And really, that's all that any of these episodes are, slices of Paris life. No one makes an attempt to be overly demonstrative or overly French. Not even Sylvain Chomet being stuck with the Eiffel Tower ends up being burdened by the famous landmark; rather, he uses it to play around with French clichés, relating the day one mime fell in love with another mime, and lampooning stereotypes about tourists from other countries even as he sends-up what they would expect to see in his.
One short film rolls into another, the transitions being merely a change in landscape, reminding us that wherever we go, people are just people. Perhaps part of the success of the movie is the fact that so many of the artists involved are not natives, and so they have to stretch to find themselves in this foreign place. The arrangement of the pieces also makes a big difference, never letting the proceedings get too heavy or too light, moving from day to night and back to day. It would be no coincidence, then, that the final segment in Paris, Je T'aime is the ultimate story of an outsider discovering the charm of the city she is visiting. In Alexander Payne's "14th arrondissement," a middle-aged American woman (Margo Martindale) visiting Paris for the first time walks the streets on her own, seeking out the culture and the charm of the urban landscape. A lot of what she chooses to visit is mundane, as is her choice in cuisine (hamburgers, Chinese food), but as she explains in her voiceover, told in stiff and broken French, the key to loving Paris is not its landmarks or its art or any of the fancy things we expect. It's in just being a part of it, simply sitting there in the midst of life and letting it happen around you and, if you're gutsy enough, becoming a part of it.
Paris, Je T'aime has been on DVD before. In fact, it was this same time last year that the movie was first released on DVD in region 1 in two separate formats, a single disc release and a limited double-disc package that I believe is currently out of print. This current release exactly mirrors that previous 2-DVD set, with disc 1 being exactly the same in all three editions. The only difference this time around is that the two discs come in a "steelbook" case, which for those who don't know, is exactly as it sounds: a metal book that holds the DVDs.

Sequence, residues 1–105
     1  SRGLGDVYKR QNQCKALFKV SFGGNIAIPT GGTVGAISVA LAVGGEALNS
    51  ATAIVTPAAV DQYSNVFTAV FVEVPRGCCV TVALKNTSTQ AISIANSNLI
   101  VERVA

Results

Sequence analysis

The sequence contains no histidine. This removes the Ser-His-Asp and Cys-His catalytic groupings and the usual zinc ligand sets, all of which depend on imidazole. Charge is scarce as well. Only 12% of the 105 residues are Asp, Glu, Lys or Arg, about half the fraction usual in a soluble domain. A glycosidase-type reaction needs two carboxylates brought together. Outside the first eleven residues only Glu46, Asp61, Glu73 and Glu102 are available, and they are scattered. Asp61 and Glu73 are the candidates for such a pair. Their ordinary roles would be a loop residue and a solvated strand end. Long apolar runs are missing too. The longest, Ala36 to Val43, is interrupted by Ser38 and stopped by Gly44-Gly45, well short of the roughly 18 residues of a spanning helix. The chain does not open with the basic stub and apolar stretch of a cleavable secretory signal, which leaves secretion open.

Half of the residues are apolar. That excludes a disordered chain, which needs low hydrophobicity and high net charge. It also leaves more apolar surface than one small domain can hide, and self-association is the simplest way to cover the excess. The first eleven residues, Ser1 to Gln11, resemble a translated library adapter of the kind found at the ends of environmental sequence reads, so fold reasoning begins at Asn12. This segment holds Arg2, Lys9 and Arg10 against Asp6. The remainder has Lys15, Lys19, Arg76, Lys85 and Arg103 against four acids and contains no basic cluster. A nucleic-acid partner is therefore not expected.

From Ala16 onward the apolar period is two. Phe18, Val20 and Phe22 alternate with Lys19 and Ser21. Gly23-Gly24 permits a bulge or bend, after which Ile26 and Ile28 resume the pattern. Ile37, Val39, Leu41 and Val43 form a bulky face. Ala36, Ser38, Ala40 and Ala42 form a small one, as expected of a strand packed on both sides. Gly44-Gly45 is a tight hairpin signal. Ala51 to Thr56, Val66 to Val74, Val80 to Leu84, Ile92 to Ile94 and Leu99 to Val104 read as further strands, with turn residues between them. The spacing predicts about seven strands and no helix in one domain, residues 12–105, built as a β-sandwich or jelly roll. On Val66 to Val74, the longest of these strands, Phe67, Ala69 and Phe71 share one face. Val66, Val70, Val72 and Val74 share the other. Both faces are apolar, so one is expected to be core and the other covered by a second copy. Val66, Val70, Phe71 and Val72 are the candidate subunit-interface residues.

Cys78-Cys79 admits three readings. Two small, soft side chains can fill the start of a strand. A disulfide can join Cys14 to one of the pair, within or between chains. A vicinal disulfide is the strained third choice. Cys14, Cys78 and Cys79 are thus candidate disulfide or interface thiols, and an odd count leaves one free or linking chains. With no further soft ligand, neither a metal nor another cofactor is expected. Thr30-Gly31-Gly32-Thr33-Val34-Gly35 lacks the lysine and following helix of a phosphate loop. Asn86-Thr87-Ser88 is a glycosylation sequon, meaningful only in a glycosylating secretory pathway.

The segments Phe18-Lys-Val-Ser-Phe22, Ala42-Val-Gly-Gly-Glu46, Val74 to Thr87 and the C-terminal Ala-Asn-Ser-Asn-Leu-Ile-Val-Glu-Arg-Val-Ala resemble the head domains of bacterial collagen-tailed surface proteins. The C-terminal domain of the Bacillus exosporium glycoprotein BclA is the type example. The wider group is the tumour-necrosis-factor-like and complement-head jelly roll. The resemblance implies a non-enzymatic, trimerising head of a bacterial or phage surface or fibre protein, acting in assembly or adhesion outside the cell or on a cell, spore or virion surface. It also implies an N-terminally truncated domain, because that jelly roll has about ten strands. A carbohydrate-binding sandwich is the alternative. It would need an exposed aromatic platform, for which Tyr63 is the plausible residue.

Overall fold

The only other extra on the main disc is a set of trailers from First Run Features.
DVD 2 is largely comprised of 18 individual documentaries, ranging from 6 to 9 minutes, one for each of the segments in the film. Just like the shorts themselves, these range in mood and tone based on the actual crew. Assayas' piece, for instance, is rather subdued, while Cuaron's is more tense due to some problems with the steadicam. These are all good and informative, and go more in depth than the catch-all documentary on DVD 1 (both draw from the same source). Unfortunately, there is no "Play All" function, you must choose each featurette one at a time. While I'm complaining, I'd also like to note that it would have been nice for there to have been a printed chapter selection in the package somewhere indicating the order of the stories in Paris, Je T'aime and who worked on each of them.
Two of the more visually interesting segments of the movie are shown in storyboard form. Vincenzo Natali's vampire tale, "Quartier de la Madeleine," is shown as straight storyboards, while the fanciful "Tour Eiffel" is presented as a split-screen comparing the boards to the final shots.
Finally, the second disc has the original theatrical trailer for Paris, Je T'aime.